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What is a Loan? Types of Loans


Loan

In finance, a loan is the lending of money by one or more individuals, organizations, or other entities to other individuals, organizations etc. The recipient (i.e., the borrower) incurs a debt and is usually liable to pay interest on that debt until it is repaid as well as to repay the principal amount borrowed.

The document evidencing the debt (e.g., a promissory note) will normally specify, among other things, the principal amount of money borrowed, the interest rate the lender is charging, and the date of repayment. A loan entails the reallocation of the subject asset (s) for a period of time, between the lender and the borrower.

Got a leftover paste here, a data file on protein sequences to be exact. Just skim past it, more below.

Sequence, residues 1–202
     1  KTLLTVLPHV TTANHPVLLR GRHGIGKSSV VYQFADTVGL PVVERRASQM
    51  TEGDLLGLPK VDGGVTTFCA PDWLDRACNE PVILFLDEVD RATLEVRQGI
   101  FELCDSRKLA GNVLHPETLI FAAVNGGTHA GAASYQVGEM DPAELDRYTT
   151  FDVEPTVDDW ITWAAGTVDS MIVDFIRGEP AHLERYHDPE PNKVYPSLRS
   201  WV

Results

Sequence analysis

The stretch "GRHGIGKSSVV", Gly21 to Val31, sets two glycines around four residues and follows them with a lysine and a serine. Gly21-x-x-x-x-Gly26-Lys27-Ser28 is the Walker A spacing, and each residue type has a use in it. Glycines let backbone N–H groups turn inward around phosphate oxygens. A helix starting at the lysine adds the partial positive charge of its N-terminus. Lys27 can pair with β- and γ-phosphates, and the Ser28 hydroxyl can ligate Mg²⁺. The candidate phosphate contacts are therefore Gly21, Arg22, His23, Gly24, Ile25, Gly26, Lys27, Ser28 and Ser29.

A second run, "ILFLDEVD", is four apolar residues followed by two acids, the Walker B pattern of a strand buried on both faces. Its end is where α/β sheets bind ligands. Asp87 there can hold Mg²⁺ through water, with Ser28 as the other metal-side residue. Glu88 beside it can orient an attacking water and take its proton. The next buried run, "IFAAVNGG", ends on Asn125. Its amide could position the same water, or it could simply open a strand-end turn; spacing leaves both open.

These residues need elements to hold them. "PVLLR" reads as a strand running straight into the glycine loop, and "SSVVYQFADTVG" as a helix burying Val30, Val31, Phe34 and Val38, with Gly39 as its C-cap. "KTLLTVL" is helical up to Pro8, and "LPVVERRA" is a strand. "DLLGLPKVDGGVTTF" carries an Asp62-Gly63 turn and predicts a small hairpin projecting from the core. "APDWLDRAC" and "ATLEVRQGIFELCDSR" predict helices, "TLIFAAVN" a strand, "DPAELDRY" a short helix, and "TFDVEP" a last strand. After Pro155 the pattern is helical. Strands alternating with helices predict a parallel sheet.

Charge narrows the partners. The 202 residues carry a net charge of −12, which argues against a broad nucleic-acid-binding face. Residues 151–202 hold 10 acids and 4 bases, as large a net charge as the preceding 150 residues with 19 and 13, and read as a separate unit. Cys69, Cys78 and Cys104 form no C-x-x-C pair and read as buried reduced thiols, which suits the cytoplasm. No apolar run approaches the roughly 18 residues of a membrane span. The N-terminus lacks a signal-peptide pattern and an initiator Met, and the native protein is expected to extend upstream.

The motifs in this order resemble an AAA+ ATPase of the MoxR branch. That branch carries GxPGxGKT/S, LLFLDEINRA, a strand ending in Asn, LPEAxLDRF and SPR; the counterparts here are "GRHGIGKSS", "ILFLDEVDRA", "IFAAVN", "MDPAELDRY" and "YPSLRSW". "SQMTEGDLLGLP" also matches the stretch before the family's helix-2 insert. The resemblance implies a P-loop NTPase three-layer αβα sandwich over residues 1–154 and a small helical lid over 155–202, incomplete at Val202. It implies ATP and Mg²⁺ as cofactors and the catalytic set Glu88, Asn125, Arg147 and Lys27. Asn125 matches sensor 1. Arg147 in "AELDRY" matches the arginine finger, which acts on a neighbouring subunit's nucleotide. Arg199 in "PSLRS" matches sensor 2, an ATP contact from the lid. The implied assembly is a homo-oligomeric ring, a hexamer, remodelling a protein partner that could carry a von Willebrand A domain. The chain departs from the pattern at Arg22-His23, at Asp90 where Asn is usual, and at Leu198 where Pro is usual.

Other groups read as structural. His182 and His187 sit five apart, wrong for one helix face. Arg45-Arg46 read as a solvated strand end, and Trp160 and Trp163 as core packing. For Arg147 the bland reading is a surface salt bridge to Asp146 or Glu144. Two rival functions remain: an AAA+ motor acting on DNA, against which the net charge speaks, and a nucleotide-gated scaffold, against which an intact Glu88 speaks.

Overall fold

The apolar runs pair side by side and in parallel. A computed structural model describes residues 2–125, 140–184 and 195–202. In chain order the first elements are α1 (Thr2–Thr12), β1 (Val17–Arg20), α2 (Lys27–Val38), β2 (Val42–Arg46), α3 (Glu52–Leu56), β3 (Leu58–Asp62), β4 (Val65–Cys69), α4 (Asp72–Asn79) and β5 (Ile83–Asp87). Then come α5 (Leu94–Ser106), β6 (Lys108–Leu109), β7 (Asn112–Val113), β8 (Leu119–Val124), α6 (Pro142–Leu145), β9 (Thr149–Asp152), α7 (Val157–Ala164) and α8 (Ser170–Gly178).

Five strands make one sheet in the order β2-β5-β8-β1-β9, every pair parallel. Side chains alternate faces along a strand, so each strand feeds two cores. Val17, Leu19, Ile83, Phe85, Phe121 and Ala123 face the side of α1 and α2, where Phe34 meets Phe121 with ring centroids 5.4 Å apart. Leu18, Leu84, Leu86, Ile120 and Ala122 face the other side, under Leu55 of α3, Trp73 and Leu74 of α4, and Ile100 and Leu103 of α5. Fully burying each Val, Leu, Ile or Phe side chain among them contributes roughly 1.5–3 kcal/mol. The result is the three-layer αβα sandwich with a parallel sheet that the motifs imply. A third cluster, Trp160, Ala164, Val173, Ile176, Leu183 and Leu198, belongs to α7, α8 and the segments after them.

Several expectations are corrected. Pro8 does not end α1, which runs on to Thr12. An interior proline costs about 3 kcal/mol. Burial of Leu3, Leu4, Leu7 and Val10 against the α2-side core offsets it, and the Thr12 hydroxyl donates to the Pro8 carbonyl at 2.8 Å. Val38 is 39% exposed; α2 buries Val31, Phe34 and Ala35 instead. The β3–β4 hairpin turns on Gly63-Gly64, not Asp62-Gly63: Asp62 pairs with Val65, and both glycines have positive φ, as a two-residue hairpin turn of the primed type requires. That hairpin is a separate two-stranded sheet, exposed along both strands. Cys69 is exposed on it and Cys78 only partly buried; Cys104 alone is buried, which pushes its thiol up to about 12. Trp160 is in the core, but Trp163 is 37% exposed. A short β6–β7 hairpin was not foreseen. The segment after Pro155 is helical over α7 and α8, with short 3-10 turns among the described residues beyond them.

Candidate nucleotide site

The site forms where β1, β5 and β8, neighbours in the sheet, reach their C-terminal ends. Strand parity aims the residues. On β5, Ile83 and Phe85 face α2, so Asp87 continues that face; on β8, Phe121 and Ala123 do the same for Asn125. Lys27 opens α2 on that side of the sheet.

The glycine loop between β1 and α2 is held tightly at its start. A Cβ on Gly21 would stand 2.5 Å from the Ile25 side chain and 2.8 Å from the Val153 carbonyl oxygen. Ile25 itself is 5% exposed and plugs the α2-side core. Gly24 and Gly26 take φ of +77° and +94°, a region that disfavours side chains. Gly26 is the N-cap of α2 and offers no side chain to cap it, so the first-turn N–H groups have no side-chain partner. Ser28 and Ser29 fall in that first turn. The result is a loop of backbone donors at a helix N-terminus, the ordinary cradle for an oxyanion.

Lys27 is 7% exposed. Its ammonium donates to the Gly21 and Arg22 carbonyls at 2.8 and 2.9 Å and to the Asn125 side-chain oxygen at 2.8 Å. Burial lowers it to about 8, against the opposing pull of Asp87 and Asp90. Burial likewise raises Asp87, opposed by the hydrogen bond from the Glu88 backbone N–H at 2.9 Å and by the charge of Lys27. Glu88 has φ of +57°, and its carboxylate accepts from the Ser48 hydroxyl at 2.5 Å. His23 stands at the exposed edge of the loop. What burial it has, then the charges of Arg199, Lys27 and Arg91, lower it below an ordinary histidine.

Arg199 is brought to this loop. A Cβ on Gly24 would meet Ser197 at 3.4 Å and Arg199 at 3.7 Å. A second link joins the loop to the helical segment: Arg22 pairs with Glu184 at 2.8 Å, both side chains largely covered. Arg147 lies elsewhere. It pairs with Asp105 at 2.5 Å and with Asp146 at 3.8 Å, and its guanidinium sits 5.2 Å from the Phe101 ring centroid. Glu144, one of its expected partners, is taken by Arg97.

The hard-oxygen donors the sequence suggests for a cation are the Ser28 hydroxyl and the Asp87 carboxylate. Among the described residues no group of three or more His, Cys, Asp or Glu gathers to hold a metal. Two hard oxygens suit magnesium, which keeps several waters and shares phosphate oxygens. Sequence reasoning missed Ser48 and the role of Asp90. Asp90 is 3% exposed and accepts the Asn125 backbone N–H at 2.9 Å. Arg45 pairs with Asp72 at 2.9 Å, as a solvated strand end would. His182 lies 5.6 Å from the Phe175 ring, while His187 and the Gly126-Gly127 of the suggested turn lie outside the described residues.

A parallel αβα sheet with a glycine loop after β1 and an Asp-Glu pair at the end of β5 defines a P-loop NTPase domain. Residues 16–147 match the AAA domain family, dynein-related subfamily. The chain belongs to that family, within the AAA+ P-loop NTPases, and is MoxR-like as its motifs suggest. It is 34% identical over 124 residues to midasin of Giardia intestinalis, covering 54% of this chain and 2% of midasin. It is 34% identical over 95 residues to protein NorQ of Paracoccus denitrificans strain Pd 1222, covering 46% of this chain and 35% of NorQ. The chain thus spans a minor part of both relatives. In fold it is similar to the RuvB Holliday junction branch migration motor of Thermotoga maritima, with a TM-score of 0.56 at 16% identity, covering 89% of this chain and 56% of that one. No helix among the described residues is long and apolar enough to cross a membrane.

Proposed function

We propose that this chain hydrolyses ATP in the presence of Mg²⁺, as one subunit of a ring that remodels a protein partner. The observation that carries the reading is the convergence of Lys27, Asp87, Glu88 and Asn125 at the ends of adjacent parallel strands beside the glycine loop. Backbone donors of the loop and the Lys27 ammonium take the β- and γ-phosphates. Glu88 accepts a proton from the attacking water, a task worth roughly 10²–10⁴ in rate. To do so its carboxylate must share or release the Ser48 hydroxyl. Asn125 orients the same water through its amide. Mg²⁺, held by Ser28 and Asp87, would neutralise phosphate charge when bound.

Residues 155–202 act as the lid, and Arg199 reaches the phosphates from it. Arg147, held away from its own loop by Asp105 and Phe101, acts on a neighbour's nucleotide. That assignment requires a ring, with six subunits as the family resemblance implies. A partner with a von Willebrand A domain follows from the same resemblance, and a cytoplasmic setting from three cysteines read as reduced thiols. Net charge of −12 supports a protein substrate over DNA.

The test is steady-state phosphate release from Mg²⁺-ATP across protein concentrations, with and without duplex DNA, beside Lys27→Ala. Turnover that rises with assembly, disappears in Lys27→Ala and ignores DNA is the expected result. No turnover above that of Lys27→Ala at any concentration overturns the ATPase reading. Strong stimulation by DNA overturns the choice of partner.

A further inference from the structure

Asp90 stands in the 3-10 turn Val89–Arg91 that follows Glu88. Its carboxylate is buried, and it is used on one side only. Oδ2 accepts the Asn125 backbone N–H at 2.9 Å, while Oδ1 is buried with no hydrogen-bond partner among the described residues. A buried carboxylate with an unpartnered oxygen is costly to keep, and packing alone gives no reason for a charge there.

The interest provides an incentive for the lender to engage in the loan. In a legal loan, each of these obligations and restrictions is enforced by contract, which can also place the borrower under additional restrictions known as loan covenants. Although this article focuses on monetary loans, in practice, any material object might be lent.

Acting as a provider of loans is one of the main activities of financial institutions such as banks and credit card companies. For other institutions, issuing of debt contracts such as bonds is a typical source of funding.


Unsecured: -
Unsecured loans are monetary loans that are not secured against the borrower's assets. These may be available from financial institutions under many different guises or marketing packages:

Credit cards
Personal loans
Bank overdrafts
Credit facilities or lines of credit
Corporate bonds (may be secured or unsecured)
Peer-to-peer lending


The interest rates applicable to these different forms may vary depending on the lender and the borrower. These may or may not be regulated by law. In the United Kingdom, when applied to individuals, these may come under the Consumer Credit Act 1974.